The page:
Types of questions Fill-in-the-blank Do not provide response choices Require short responses (one or two words) Are used to measure a simple respondent attribute, collect a date, or quantification Require categorization and coding of responses
Types of questions Closed-ended Response choices are provided Categorical responses: categories have no particular order or inherent numerical value with respect to one another Ordinal responses: responses describe a range of choices and have a quantitative values with respect to each other.
Types of questions Closed-ended Investigator must Anticipate likely responses Present the responses as a list of mutually exclusive choices State responses clearly and concisely
Selecting the type of question Depends on: The kind of information you need Your expectations about that information During early exploration, when you know little about a problem, you will be more likely to use open-ended questions As you learn more about the problem and can anticipate responses, you will be more likely to use closed-ended questions
Writing questions Wording depends on: Knowledge of the problem Hypothesis being tested Information being collected Affected population
Wording of questions Use language respondents can understand Test translated questionnaires with native speakers and “backtranslate” to test the translation Limit each question to a single idea Word each question as precisely as possible
Wording of questions Do not phrase questions in a way that suggests a response Avoid double negatives Always include a “Don’t know” or “Refused” category option In closed-ended questions, be sure that categories cover all potential responses and are mutually exclusive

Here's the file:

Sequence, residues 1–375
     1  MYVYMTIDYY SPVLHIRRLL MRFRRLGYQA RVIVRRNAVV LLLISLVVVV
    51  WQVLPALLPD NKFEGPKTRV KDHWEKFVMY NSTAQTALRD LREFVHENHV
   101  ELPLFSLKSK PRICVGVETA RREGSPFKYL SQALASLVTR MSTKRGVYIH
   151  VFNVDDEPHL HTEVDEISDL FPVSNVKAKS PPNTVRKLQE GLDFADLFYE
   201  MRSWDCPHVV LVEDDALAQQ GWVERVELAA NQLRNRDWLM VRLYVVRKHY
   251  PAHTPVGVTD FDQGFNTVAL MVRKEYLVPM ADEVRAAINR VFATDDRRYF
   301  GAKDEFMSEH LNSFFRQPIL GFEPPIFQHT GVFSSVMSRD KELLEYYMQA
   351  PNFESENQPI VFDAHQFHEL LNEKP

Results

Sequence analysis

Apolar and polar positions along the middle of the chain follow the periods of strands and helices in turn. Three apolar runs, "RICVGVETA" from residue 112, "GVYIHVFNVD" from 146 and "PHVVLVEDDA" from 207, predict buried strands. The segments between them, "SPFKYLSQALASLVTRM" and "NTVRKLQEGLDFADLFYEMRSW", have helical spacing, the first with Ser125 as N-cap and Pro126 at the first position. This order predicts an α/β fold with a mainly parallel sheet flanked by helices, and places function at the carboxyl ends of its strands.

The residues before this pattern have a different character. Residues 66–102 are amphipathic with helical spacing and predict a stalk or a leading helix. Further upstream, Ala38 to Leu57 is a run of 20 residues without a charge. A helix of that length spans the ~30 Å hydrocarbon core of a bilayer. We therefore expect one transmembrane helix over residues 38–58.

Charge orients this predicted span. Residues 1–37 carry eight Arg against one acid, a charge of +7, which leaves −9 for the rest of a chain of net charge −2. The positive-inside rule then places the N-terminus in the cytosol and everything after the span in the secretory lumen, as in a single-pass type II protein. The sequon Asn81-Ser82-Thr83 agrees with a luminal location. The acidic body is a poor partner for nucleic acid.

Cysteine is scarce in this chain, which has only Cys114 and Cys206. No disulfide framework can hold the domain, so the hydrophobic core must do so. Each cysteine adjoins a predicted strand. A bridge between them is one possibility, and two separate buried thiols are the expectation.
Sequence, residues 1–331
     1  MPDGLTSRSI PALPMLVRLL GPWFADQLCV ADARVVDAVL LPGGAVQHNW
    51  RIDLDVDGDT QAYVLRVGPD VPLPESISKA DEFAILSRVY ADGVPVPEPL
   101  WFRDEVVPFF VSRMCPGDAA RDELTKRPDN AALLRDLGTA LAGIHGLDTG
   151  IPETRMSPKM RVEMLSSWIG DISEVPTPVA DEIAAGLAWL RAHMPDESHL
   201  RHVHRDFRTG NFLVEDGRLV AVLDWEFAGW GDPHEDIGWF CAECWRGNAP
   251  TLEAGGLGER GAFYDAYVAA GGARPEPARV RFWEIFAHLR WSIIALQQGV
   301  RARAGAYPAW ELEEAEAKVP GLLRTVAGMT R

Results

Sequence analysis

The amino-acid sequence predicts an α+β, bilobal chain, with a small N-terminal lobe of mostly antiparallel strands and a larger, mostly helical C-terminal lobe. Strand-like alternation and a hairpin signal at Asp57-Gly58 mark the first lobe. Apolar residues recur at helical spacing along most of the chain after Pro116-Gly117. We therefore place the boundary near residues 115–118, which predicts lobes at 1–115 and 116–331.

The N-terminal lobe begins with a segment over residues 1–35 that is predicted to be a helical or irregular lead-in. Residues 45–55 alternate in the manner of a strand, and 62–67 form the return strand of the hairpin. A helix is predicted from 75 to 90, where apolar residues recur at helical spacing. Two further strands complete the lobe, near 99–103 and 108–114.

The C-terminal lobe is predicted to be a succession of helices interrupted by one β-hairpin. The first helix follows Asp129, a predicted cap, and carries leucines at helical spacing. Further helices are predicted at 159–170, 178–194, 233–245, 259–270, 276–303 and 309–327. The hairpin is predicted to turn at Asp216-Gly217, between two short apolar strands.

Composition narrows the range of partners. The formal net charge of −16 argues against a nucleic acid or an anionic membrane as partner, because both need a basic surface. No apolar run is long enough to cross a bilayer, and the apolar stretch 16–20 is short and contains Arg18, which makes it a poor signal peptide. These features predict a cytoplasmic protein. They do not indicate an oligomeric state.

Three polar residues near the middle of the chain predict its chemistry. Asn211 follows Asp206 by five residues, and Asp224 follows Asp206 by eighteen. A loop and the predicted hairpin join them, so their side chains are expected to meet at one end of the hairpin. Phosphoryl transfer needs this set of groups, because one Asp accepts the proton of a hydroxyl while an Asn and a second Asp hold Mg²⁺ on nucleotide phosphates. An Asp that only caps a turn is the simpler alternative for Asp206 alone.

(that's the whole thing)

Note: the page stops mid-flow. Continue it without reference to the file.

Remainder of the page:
Questionnaire design Introduction Identify the sponsoring organization Explain the purpose of the study State how long the interview is likely to take and reassure the participant that their answers are confidential
Questionnaire design Length As short and focused on the hypothesis being tested as possible Try to gather additional information of interest to the investigators without compromising parsimony Logic Organize questions in a way that promotes rapport between respondent and interviewer Do not skip from topic to topic; the questionnaire should appear logically organized
Questionnaire design Layout Clearly state instructions Number questions and pages Include an identifying code for the respondent on each page Separate responses from questions Include skip patterns Ending statements Thank the respondent Provide contact information
Conclusions The first step in questionnaire development is to frame and refine the hypotheses under study and decide what information is needed to test the hypotheses. Then design the questionnaire paying careful attention to the type of question used, wording and organization.
Reference University of North Carolina at Chapel Hill School of Public Health, Department of Maternal and Child Health (2003). Data Skills Online: A Maternal and Child Health Toolbox. "Designing Questionnaires." http://www.sph.unc.edu/toolbox/